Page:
April 18, 2023

All photos by Simon Green

… relaxing and having fun, horrendous jetlag notwithstanding.

Gigs with a support act are great, and there’s no doubt I have seen up-and-coming bands that way that I would never have come across otherwise. But double-headers are another step up; you get a good, healthy, hour-long dose of each one, long enough for them to get into their stride, effectively two for the price of one. This gig at Sittingbourne matched English power-rocker Troy Redfern with long-haired groovers The Commoners from Canada, with their distinctly southern United States rock’n’roll.

Chris Medhurst and Ross Hayes Citrullo of The Commoners (photo by Simon Green)

It was The Commoners who went on first, kicking off with More Than Mistakes from their current album Find A Better Way. In fact the set was composed almost entirely of songs from this release or their mooted new album, slated for release later this year. Front man Chris Medhurst doffs his cowboy hat and his rhythm guitar for the hooky title track, Find A Better Way, with its rocking Allman Brothers vibe. By the third number, a good ol’ country blues with a heavier edge named Devil Teasin’ Me, the first offering from their stock of new songs, they were relaxing and having fun, horrendous jetlag notwithstanding.

Body And Soul is a number that the band have been playing live for years, and was a set highlight for sure, especially considering it didn’t appear on either of their existing albums. In a bout of deep 1970s showmanship, guitarist Ross Hayes Citrullo uses a violin bow on his Les Paul on the intro to this one; the bow also comes out for the waltz-time ballad Naturally, with its mellow, bluesy guitar tones, always a winner. From here on in, it was highlights all the way – Deadlines opens with an extended electric piano ballad intro, leading into a slightly more proggy, almost jazzy number with a distinct Led Zep flavour and a great, tight ending.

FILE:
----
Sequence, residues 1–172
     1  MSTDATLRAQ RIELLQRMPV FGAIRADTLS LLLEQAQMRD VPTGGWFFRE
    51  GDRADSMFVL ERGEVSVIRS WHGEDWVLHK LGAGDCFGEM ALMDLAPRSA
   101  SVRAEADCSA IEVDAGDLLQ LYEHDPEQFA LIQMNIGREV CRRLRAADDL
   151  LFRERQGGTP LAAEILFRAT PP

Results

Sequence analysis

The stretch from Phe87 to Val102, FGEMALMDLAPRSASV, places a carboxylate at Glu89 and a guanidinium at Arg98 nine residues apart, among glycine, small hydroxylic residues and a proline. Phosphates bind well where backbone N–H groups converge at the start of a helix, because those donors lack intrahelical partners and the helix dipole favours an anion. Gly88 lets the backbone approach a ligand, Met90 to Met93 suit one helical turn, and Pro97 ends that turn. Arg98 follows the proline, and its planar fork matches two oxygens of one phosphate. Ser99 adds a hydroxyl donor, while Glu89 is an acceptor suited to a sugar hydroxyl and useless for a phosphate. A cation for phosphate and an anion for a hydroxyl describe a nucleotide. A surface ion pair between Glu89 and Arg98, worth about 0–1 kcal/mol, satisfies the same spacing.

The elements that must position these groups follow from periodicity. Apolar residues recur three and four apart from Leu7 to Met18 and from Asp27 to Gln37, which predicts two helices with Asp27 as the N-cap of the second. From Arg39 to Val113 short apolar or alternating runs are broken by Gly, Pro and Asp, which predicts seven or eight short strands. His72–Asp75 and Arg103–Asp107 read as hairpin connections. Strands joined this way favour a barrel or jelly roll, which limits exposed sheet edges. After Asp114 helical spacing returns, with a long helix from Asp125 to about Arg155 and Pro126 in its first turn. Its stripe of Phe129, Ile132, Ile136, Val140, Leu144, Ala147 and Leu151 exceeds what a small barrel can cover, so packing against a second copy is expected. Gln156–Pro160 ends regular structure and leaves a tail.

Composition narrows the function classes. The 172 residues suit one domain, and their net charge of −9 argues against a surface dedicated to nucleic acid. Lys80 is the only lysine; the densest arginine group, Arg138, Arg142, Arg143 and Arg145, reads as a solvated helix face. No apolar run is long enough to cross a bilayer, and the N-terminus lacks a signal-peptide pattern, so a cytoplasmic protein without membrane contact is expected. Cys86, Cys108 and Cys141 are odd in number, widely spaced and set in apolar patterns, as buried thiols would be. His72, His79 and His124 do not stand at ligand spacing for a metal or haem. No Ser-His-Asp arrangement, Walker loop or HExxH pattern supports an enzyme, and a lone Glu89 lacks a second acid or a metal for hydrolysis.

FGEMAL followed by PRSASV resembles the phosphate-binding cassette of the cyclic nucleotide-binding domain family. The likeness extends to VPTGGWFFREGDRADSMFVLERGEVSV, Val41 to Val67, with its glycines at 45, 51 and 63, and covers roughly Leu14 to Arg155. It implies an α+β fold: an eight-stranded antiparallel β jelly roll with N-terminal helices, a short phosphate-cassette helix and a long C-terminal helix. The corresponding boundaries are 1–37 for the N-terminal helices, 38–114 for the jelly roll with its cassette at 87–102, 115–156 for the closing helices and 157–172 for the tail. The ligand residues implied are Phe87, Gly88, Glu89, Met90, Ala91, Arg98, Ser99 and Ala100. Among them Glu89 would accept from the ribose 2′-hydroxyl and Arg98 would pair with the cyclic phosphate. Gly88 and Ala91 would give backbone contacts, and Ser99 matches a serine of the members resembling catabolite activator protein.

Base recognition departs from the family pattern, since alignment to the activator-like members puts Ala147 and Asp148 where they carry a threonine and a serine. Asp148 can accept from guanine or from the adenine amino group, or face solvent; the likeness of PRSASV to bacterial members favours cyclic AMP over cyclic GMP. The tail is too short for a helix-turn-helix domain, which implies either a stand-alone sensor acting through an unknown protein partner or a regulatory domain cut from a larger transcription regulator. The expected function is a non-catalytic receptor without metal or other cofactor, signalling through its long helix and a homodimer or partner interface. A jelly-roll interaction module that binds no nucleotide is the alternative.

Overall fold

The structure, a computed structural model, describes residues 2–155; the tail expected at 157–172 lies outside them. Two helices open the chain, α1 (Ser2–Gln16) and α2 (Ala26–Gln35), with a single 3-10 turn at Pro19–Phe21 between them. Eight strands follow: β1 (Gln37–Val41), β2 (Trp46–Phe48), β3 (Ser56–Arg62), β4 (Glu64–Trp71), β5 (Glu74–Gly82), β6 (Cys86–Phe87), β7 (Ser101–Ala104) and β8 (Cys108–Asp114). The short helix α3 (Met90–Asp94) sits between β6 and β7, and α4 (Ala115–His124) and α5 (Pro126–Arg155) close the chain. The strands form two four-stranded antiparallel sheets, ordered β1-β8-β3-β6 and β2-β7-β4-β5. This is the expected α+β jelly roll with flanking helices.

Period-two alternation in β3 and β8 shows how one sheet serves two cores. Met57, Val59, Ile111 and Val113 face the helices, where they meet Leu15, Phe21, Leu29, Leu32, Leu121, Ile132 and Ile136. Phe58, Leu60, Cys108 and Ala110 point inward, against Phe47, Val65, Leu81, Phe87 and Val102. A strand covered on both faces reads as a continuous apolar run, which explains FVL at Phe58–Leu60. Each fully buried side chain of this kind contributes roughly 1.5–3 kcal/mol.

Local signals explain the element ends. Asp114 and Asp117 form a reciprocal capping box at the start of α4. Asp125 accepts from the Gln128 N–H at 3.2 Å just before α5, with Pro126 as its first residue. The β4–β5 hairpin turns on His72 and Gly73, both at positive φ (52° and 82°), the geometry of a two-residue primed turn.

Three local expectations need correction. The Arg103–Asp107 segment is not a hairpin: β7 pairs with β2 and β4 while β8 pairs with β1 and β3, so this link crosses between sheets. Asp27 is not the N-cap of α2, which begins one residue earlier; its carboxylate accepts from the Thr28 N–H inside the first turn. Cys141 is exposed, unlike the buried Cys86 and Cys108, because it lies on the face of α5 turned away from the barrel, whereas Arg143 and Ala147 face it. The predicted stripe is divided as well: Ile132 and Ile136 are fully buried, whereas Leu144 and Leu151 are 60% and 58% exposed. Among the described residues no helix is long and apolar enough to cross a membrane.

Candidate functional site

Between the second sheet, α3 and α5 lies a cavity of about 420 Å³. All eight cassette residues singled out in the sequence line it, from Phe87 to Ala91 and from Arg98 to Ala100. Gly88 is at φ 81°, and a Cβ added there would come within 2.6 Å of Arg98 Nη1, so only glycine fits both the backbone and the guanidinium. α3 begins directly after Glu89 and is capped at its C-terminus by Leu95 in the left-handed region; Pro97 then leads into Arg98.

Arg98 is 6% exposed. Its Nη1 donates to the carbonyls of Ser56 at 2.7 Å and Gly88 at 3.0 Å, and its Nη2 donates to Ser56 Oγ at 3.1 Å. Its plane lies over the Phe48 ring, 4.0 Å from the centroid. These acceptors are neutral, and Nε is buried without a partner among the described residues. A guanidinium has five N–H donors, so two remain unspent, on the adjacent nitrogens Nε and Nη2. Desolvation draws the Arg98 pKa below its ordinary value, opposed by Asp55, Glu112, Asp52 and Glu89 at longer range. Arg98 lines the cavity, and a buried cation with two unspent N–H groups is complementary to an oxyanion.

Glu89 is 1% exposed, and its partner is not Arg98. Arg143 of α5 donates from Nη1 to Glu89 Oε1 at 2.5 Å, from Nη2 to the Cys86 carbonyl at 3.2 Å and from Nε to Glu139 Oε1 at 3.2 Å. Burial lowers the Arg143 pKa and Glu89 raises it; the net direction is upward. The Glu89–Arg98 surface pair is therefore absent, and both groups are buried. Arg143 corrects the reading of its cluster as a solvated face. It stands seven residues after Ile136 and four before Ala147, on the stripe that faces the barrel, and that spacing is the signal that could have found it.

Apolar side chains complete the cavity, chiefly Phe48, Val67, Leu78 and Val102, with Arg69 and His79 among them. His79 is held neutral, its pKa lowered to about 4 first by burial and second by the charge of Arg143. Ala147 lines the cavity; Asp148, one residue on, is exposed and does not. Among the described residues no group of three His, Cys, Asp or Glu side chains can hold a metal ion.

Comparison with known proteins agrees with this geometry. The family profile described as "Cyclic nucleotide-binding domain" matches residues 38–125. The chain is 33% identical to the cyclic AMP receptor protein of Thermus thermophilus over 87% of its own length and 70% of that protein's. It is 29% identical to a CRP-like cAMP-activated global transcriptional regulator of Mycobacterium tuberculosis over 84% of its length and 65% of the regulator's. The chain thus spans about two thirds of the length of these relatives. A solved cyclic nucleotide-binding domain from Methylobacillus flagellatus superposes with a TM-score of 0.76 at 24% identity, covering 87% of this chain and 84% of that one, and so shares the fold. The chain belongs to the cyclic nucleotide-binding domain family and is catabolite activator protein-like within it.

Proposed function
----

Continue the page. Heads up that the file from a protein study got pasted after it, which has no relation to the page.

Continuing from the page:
Sweet Melissa is a melodic, open-chorded cover of an Allman Brothers ballad, followed by two more songs from Find A Better Way to conclude the set: the emotional Hangin’ On Again, weeping and rocking by turns, and the mid-tempo power-pop of Fill My Cup, with another helping of Led Zeppelin garnish, especially in the choruses.

Troy Redfern and Keira Kenworthy – check out Troy’s Silvertone axe… (photo by Simon Green)

Southern Brit Troy Redfern has been putting himself about on the UK scene recently, drawing fans with his cool-as-you-like, dark, brooding looks shaded under a wide-rimmed leather stetson, and his one-man slide guitar showcase on a succession of vintage acoustics. This is the first time I have seen him with the full touring band though, a power trio consisting of Troy with cool bassist Keira Kenworthy from all-girl pop-rockers JoanOfArc, and the energetically excellent Finn McAuley on drums. He powers into the first number on an overdriven Stratocaster, the manic, punky metal of All Night Long, which he announces as being from his new record due out in September. He changes to his trusty National resonator acoustic for Sweet Carolina from his current album The Wings Of Salvation, but a succession of impressive vintage guitars are paraded before our eyes, the more outlandish the better – my eyes were particularly taken by a 1960s dark red Teisco Orbit with four pickups for the good-time rocker Getaway.

Again, every song is either from the current album or a future offering, until he powers into Scorpio from 2021’s The Fire Cosmic, always a highlight of every set. He changes up the rhythm a bit with the heavy blues shuffle of The Fever, another teaser from the new album, but the end of the set comprises a couple more favourites from The Fire Cosmic, the mid-tempo pounding rock of Waiting For Your Love, and the inevitable juggernaut metal of Sanctify. For a moment, I wondered if he had jettisoned his signature improvised wig-out on Hendrix’s Voodoo Chile, but here it is, incorporated into the middle of this final number.

‘Intense’ is the word for Troy’s performances, as he hardly lets up on the pounding beat for a moment. It’s almost strange to see him after the show, relaxed and chatty, smiling and friendly; it goes to underline what a performer he is when on stage. The Commoners too, mingling with the crowd, made a lot of friends tonight I think. Kudos to the Bourne Club for bringing classy new rock to Kent; long may it continue.